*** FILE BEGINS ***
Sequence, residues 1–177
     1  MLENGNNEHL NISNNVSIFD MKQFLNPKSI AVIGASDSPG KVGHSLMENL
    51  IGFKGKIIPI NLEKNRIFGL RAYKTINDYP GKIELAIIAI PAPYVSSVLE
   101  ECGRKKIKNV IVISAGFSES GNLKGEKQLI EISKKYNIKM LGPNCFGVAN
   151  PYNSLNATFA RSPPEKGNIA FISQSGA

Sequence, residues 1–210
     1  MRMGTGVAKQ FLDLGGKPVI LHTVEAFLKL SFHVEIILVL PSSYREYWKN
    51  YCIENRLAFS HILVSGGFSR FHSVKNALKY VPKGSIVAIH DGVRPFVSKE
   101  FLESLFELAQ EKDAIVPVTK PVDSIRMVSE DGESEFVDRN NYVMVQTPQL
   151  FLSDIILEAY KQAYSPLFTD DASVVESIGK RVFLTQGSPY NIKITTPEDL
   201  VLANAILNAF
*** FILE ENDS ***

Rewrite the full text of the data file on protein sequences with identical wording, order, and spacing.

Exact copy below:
Sequence, residues 1–177
     1  MLENGNNEHL NISNNVSIFD MKQFLNPKSI AVIGASDSPG KVGHSLMENL
    51  IGFKGKIIPI NLEKNRIFGL RAYKTINDYP GKIELAIIAI PAPYVSSVLE
   101  ECGRKKIKNV IVISAGFSES GNLKGEKQLI EISKKYNIKM LGPNCFGVAN
   151  PYNSLNATFA RSPPEKGNIA FISQSGA

Sequence, residues 1–210
     1  MRMGTGVAKQ FLDLGGKPVI LHTVEAFLKL SFHVEIILVL PSSYREYWKN
    51  YCIENRLAFS HILVSGGFSR FHSVKNALKY VPKGSIVAIH DGVRPFVSKE
   101  FLESLFELAQ EKDAIVPVTK PVDSIRMVSE DGESEFVDRN NYVMVQTPQL
   151  FLSDIILEAY KQAYSPLFTD DASVVESIGK RVFLTQGSPY NIKITTPEDL
   201  VLANAILNAF